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Submission + - Radio Controlled Car Runs on Soda Can Rings (

polyp2000 writes: A pair of Spanish engineers have recently unveiled the dAlH2Orean (see what they did there?), a R/C car that runs on aluminum. Dropping a few soda can tabs into a tank of sodium hydroxide produces enough hydrogen to power the little speedster for 40 minutes – at almost 20mph.

Submission + - Tap tech brings touch to dumb phones (

nk497 writes: A Cambridge-based firm has come up with a way to bring touch interfaces to phones without touchscreens. According to TouchDevice, the system uses the microphone to turn any surface on a handset into a touch-sensitive input panel by analysing sound signatures. “For example, where icons are displayed on a non-touch screen display, you could tap on there and it would activate the application,” said founder Mike Bradley. TouchDevice believes there are two markets for the technology: firstly to augment input potential in touchcreen smartphones, and secondly as a way of adding touch to “dumb” displays. The system should be making its way into devices by early next year.

Submission + - Google starts charging Chrome Extension developers ( 2

trooperer writes: Yesterday, Google introduced two significant changes in the Google Chrome Extensions Gallery: a developer signup fee and a domain verification system.

The signup fee is a one-time payment of $5. Supposedly, it's purpose is to "create better safeguards against fraudulent extensions in the gallery and limit the activity of malicious developer accounts". Developers who already registered with the gallery can continue to update their extensions and publish new items without paying the fee.

Submission + - What I Learned From Being a Reality TV Character - (

MicroBerto writes: One year ago, I was thrown into a reality TV pilot titled Crash Test, which aired on Spike TV on April 27th, 2010. On Crash Test, we used top-notch stuntmen and stuntwomen to recreate accidents and crime scenes to see who was really guilty or innocent.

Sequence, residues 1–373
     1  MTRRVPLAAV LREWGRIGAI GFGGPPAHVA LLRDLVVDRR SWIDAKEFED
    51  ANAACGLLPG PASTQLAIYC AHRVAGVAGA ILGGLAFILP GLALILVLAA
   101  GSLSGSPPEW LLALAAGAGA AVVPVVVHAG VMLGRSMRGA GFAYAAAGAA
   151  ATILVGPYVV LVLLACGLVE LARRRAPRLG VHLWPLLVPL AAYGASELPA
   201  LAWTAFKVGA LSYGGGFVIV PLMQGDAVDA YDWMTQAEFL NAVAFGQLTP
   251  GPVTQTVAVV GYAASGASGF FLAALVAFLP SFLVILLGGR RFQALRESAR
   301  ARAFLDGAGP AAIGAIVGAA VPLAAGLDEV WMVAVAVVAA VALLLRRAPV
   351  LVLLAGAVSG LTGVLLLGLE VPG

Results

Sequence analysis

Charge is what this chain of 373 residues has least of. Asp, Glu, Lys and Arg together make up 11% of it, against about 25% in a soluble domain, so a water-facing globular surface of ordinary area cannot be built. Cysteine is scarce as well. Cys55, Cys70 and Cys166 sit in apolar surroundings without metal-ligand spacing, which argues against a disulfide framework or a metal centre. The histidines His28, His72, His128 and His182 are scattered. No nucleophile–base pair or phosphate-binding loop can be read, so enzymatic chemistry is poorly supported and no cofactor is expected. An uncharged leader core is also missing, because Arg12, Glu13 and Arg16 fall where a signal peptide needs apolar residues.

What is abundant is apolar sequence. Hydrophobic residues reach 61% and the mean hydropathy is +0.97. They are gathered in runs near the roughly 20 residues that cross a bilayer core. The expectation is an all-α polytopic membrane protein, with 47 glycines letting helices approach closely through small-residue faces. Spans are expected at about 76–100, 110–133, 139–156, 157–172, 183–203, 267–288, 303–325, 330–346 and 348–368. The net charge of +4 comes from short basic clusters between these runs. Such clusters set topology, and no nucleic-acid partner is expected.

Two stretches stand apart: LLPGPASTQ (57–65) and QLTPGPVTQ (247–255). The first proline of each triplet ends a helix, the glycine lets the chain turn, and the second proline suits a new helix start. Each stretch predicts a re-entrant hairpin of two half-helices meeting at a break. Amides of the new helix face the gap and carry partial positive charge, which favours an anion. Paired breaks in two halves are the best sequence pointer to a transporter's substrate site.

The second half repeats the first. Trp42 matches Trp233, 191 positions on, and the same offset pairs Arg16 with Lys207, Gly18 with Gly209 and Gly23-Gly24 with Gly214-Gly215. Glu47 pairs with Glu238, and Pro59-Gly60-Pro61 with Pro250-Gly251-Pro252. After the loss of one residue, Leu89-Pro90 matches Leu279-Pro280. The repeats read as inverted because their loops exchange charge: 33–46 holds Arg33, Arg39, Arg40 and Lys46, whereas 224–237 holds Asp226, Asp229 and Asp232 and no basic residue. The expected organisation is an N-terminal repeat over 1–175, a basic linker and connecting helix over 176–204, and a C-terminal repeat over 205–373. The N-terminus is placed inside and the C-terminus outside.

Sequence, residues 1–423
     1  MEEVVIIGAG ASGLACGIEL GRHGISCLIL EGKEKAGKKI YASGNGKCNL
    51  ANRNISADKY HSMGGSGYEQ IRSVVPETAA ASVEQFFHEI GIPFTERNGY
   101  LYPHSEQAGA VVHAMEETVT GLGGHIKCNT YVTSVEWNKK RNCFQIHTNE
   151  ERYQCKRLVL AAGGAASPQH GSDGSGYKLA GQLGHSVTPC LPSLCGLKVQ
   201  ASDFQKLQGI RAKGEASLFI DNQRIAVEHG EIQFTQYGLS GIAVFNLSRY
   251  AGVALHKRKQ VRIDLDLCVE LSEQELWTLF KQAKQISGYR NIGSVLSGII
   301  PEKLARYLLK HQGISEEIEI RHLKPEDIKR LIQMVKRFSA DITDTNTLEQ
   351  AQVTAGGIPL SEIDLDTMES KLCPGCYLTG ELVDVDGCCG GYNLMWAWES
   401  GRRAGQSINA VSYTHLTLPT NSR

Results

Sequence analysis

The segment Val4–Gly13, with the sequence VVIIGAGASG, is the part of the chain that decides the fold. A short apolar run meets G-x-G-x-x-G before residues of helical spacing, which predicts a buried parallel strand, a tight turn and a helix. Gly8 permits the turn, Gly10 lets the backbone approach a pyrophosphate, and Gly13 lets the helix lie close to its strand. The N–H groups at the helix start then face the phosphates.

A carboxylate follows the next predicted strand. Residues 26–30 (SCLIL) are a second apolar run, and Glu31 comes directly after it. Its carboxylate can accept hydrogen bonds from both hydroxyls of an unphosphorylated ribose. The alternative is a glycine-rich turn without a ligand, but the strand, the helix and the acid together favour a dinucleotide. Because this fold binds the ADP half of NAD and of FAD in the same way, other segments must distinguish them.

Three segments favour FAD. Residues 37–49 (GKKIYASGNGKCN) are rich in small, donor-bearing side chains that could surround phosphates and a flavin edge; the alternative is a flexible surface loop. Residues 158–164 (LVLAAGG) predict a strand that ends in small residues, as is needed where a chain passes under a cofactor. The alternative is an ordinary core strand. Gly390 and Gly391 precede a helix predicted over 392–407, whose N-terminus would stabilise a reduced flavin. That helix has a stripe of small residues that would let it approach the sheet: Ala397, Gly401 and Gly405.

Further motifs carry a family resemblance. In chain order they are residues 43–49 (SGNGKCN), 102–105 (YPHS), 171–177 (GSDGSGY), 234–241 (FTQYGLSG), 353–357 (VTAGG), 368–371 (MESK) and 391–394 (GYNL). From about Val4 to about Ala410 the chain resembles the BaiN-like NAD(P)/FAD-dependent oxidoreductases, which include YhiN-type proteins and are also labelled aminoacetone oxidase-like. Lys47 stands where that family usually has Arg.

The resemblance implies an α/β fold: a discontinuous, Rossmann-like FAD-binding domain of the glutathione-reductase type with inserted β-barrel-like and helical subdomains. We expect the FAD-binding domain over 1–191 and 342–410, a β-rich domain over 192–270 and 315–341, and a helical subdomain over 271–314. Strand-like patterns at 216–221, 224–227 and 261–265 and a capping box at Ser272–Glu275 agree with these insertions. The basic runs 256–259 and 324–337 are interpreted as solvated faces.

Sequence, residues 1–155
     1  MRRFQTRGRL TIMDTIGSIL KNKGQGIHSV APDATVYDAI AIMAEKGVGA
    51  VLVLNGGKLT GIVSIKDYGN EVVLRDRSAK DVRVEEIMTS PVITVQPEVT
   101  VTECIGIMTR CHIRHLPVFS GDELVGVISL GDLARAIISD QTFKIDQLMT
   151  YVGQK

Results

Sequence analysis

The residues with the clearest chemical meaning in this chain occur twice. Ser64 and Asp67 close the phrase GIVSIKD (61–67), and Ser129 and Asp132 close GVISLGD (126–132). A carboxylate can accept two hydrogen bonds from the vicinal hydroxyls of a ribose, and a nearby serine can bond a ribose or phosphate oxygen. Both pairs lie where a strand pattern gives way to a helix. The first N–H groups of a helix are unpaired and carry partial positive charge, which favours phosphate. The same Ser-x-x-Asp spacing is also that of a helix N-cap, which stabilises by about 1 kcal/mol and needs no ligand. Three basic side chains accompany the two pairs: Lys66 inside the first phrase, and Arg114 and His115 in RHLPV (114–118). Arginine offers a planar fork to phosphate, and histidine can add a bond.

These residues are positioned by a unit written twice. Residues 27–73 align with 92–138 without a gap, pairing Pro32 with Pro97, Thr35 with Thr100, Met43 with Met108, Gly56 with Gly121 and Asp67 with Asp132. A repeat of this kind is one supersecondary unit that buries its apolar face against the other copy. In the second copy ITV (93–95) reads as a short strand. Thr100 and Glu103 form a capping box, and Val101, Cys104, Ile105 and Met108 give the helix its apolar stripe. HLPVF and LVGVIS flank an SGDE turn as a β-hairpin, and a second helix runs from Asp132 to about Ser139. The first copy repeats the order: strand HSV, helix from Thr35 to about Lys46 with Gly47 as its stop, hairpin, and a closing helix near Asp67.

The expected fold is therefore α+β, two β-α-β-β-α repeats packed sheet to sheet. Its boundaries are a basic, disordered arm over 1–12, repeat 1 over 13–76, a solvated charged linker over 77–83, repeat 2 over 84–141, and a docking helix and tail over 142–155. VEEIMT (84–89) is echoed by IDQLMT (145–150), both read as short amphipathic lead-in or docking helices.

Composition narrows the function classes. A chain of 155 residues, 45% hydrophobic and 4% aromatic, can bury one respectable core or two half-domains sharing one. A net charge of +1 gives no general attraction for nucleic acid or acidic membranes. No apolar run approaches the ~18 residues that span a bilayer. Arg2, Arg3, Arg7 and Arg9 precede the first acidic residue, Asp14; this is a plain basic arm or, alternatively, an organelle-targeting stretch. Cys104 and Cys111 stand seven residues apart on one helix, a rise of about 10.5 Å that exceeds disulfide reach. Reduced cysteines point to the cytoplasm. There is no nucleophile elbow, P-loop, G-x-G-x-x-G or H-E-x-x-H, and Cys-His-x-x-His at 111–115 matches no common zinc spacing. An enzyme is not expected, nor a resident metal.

I was the “biomedical scientist” of the bunch, and took measurements to determine if the real-life accidents would have really occurred in our simulations had we not been using professional stuntmen and women. Here is what I learned from being the geek on the set of a Reality TV show.


Submission + - Controversy Arises Over Taliban Option in MoH (

eldavojohn writes: CVG is covering the controversy surrounding the players ability to play as a member of the Taliban in EA's Medal of Honor multiplayer. Fox News hopped on the wagon interviewing a Gold Star mom whose son died in Iraq. She said, "My son didn't get to start over when he was killed. His life was over and I had to deal with that every day. There's 1200 families from Afghanistan that have to live with this every day. And we live it — it's not a game ... EA is very cavalier about it: 'Well, it's just a game.' But it isn't a game to the people who are suffering from the loss of the children and loved ones." EA's response to this criticism of giving players the objective to 'gun down American troops' was this: 'Medal Of Honor is set in today's war, putting players in the boots of today's soldier ... We give gamers the opportunity to play both sides. Most of us have been doing this since we were seven. If someone's the cop, someone's got to be the robber, someone's got to be the pirate, somebody's got to be the alien. In Medal Of Honor multiplayer, someone has to be the Taliban.' Of course the story recalls Six Days in Fallujah which was dropped by Konami following similar controversy. It's clear at least a few people take issue with games surrounding modern conflicts.

Submission + - Sun's 'quiet period' explained (

Arvisp writes: Solar physicists may have discovered why the Sun recently experienced a prolonged period of weak activity.
The most recent so-called "solar minimum" occurred in December 2008.
Its drawn-out nature extended the total length of the last solar cycle — the repeating cycle of the Sun's activity — to 12.6 years, making it the longest in almost 200 years. The new research suggests that the longer-than-expected period of weak activity may have been linked to changes in the way a hot soup of charged particles called plasma circulated in the Sun.

Machines take me by surprise with great frequency. - Alan Turing